Programming - Wouter
Programming - Wouter
When I say I love programming, I can imagine that a lot of you might look at me weird. Some of you might already be traumatized by R. Others might have had some struggles with SPSS syntax and think that that is what programming is (it is not, don’t ever call SPSS syntax a programming language please). But don’t worry, I’m not gonna write about the technical size of programming today, or tell you that the exercises you do during your tutorials are supposed to be super fun. I’m gonna talk about the creative side of programming.
I remember how I first started programming. I think I was in about 6th grade of primary school and I came across a website called KlikHierNiet (Don’t Click Here). It doesn’t exist anymore, so don’t bother looking it up, because it came from a time when internet security wasn’t as big of a thing as it is today. It was a website that would spam you with popup boxes with some “funny” text in it, and freeze your web browser during them, so you had to click on OK about a hundred times before being able to proceed. After clicking through dozens of those messages, I wanted to make all my friends suffer the same fate as me, but I didn’t want to just send them the link to the website. I wanted to put my own text in these popup boxes. So a few YouTube tutorials later I created a similar monster and sent it to all my friends. Besides making sure all my friends hated me, this also got me interested in programming and especially the cool things I could do with it.
After this, i wrote (or mostly copied from the internet) all kinds of cool scripts. Luckily, my parents didn’t think it was a problem that their 10-year-old was running random scripts from the internet on our family PC. I found a script that allowed me to make clippy appear, and let him say things that I wanted (I think you can imagine what a 10-year-old would do with that). I also found a script that would allow me to send emails, even from random email addresses that weren’t mine (which I hope wasn’t illegal, since I am essentially admitting it on the internet right now, but I promise I only used it on people that knew it was fake beforehand). And I found out that I could add scripts to PowerPoint presentations, so I could show websites in them.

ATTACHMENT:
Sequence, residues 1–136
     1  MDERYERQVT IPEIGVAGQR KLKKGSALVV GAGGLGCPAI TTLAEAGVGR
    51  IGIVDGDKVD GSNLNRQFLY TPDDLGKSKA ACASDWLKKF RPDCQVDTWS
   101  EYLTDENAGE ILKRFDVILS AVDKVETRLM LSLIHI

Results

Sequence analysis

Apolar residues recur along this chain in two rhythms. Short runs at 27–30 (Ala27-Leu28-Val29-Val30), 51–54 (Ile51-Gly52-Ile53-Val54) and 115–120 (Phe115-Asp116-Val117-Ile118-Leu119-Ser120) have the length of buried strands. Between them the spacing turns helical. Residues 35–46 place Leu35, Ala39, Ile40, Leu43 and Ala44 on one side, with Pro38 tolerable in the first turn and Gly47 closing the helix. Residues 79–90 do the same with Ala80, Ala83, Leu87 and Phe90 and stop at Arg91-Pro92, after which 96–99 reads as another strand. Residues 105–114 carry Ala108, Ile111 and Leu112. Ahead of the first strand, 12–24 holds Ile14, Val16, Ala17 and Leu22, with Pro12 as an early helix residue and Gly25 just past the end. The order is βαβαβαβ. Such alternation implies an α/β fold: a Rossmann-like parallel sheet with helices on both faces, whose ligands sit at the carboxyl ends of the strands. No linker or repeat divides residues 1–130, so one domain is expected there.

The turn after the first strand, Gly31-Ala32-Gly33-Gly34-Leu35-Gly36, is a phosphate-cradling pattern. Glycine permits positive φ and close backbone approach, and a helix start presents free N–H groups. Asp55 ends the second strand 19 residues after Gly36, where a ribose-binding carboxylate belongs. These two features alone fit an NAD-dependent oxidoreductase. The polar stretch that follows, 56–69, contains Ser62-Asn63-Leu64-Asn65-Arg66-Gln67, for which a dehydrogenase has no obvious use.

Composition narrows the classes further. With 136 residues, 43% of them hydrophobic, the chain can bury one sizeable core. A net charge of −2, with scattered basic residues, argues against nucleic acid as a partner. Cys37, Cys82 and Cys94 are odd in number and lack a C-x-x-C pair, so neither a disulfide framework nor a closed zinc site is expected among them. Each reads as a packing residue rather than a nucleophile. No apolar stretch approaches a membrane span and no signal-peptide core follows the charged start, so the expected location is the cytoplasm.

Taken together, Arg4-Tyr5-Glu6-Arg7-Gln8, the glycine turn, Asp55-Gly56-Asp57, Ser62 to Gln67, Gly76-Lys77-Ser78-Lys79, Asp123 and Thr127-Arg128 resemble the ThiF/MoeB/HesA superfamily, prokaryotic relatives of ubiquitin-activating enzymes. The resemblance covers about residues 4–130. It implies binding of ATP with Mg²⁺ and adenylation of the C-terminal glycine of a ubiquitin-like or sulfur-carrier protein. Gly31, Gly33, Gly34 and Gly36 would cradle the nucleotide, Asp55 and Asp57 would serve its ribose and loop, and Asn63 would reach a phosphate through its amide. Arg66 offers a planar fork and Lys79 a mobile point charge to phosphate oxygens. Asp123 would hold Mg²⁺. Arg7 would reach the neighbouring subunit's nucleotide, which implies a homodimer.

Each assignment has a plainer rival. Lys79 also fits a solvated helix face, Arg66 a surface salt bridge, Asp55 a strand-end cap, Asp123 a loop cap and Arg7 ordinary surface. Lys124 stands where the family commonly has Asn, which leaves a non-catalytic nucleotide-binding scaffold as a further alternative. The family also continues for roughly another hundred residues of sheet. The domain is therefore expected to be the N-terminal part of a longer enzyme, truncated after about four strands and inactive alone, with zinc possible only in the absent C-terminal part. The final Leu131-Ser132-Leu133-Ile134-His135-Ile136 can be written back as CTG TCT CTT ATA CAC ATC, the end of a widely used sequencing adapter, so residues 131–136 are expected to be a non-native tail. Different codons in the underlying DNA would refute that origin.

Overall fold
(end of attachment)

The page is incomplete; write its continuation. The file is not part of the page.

All of these examples sound very stupid of course, and most of them probably don’t even work anymore because of increased internet security and the death of clippy (RIP), but this way of learning things really sparked my interest and is probably the reason why I still love it today. I kinda saw it like doing arts and crafts on a computer, but instead of cutting out pictures and pasting them on a paper to make something, i just copied some code and pasted it in notepad to create something (and hoped i didn’t accidentally install a virus). I never set the goal for myself to learn to program, but instead, I just wanted to make something cool, and happened to need some programming in the process.
That is still the way I approach programming. At the beginning of this pandemic, i wanted a way to watch videos with my friends in sync without the quality loss that screensharing brings, for example, so I just made it. If you would like to see this website you can visit https://wouterstoter.github.io/watch-together/, or you could even sniff around in the code for some inspiration, if that interests you: https://github.com/wouterstoter/watch-together.
If you would like to find joy in programming too, I recommend you to just put the exercises and tutorials aside, and just think about what you want to make. It doesn’t have to be useful, but just something small and fun. Then, you just try to make it. And eventually, after loads of google searches and YouTube tutorials, you’ll get there, and your work of art is done.